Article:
Lawmaker Calls Out VHA on Questionable Purchases

A congressional subcommittee on Wednesday gave fair warning to the Veterans Health Administration to make sure its purchasing agents are not splitting up hundreds of thousands of dollars worth of acquisitions in order to avoid federal contracting rules.

"Numerous contacts reviewed by this subcommittee shows VHA purchasers splitting purchases in order to remain under the set-price threshold for purchases ," Rep. Bill Johnson, R-Ohio, told a senior VHA official during a hearing on the agencies  purchase of prosthetics. "In one case 12 purchases went to the same company for the same products from the same contracting officer, one right after the other."

"Why is VHA not aggregating their micro-purchases?" Johnson asked.

Phil Matkovsky, assistant deputy undersecretary for health and administrative operations at VHA, did not directly answer the question but confirmed that breaking up large purchases into multiple smaller buys to avoid tripping federal acquisition thresholds is "not appropriate."

"So if that is occurring that is not condoned practice," he said.

Matkovsky said VHA would monitor the actions of its agents to ensure it does not happen. He also said purchasing supervisors already are supposed to be doing this.

"We've got page after page of examples of that kind of thing," Johnson warned. "We take that kind of thing very seriously."

Poor oversight of such purchases was highlighted in a recent Department of Veterans Affairs Inspector General report on prosthetics purchases.  That investigation looked at purchases of traditional prosthetics such as artificial limbs.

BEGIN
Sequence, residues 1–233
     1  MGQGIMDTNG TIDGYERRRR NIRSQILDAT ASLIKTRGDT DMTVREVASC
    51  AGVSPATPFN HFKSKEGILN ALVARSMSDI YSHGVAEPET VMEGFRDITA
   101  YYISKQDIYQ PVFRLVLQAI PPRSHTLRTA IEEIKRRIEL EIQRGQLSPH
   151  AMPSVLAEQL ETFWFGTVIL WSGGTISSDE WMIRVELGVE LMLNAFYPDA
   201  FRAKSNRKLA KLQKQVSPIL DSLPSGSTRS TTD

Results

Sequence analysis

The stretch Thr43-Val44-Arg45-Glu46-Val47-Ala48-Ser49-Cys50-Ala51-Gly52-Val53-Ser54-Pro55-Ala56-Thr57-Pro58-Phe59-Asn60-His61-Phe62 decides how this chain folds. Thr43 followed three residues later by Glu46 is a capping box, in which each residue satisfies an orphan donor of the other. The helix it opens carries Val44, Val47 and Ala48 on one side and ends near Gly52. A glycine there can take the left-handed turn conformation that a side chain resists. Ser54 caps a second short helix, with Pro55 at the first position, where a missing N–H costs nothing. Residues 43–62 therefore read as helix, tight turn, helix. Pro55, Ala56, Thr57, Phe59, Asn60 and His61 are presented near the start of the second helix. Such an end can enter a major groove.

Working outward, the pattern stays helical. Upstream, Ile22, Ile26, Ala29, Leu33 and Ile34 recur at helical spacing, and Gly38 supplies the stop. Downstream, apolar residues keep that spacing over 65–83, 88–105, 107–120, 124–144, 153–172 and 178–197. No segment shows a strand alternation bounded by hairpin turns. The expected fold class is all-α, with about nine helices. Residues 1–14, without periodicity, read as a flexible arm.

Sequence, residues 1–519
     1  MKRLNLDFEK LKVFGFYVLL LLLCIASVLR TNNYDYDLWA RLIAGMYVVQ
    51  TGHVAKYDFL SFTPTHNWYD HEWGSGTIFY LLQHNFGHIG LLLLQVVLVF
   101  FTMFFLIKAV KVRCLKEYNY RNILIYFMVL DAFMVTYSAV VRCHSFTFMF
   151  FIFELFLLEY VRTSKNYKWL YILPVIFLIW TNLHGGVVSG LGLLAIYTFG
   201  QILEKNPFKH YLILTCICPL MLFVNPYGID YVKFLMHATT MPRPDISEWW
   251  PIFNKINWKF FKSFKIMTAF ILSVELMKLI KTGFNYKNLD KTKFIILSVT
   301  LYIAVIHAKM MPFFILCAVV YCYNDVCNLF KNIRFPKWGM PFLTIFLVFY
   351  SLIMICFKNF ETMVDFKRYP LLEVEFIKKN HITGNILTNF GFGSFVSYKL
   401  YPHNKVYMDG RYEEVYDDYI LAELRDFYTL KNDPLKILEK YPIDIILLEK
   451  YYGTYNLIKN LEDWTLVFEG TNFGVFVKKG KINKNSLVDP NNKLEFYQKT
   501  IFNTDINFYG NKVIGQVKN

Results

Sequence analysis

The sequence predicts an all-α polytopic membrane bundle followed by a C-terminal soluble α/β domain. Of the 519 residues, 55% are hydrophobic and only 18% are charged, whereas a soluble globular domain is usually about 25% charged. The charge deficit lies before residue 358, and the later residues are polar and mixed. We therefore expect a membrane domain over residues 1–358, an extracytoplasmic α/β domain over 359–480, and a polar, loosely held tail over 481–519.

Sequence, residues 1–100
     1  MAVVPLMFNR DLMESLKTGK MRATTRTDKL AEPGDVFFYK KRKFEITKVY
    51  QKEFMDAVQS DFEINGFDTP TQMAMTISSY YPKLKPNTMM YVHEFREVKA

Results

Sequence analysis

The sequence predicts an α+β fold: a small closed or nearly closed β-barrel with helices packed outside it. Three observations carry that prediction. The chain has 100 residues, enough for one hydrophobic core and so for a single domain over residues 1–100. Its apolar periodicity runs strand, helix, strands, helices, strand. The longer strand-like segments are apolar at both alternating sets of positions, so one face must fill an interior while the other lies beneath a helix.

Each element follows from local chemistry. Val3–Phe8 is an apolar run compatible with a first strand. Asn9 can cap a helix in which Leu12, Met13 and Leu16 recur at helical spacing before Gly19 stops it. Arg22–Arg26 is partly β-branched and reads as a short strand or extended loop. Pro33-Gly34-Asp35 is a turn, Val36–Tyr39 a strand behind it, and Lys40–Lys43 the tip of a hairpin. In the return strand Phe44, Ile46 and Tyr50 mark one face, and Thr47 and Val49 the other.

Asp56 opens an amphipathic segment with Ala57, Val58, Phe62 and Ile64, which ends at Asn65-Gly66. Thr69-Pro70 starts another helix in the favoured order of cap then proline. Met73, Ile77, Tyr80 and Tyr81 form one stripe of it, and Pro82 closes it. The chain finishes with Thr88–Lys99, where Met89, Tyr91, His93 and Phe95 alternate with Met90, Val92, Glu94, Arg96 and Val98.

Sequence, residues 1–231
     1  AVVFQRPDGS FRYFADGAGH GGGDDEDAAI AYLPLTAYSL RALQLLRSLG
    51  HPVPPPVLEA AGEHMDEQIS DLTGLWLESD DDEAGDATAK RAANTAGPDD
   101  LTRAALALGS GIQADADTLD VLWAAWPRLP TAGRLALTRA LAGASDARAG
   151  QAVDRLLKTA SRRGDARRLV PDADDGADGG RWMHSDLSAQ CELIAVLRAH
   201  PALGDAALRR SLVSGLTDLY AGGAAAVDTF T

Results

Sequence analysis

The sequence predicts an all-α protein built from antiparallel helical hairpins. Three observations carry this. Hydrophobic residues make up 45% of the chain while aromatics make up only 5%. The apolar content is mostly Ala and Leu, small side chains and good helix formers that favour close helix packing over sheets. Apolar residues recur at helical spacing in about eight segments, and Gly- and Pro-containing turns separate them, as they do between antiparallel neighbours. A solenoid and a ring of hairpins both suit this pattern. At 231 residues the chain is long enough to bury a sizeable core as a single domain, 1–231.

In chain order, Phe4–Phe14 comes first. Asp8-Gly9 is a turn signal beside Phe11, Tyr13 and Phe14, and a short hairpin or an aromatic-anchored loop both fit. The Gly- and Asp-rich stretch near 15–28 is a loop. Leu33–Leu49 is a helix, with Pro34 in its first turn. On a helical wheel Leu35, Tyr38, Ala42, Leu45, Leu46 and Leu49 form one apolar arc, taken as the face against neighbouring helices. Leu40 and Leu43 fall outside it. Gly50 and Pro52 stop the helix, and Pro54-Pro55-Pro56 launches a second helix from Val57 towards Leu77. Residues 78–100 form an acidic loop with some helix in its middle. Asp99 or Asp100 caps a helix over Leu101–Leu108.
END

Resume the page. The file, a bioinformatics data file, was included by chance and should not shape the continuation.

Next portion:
The IG found the VA had overspent by more than $2 million in 2010 – the most recent numbers available – and could expect to lose an additional $2 million annually for the coming four years unless it got a better handle on its spending.

The same spending patter exists elsewhere in VHA, according to interviews that conducted in April with two sources representing sellers of biological medicines to VHA. Biologics are medicines manufactured from human bone and tissue, and are used in a variety of medical procedures.

According to information they provided to, VHA purchasing agents operating out of the New York-New Jersey area made multiple buys – including for medical equipment and office furnishings – from the same vendors on the same dates for the same products. Though the totals ran into several thousand dollars, the purchases were divided so that no single one exceeded the $25,000 limit that an agent was be permitted to make before having to put out a contract to bid and document it, according to the sources.

One reason VHA was called in before the subcommittee on Wednesday was its practice of defining biologics as prosthetics, an interpretation that enabled it to ignore federal contracting rules requiring competitive bids and simply buy the products from a few large corporations.

In advance of the Wednesday hearing Matkovsky issued a memo to VHA purchasing agents telling them to follow contracting laws – Federal Acquisition Regulation and Veterans Administration Acquisition Regulation -- from now on.

Matkovsky said VHA will still factor in a veteran's preference and a doctor's prescription when it comes to purchasing biologics non-competitively – but otherwise will adhere to the law.

Others at Wednesday's hearing testified that there is little or no difference in biologics, and that neither patients nor doctors would be inclined to prefer one company supplier over another.

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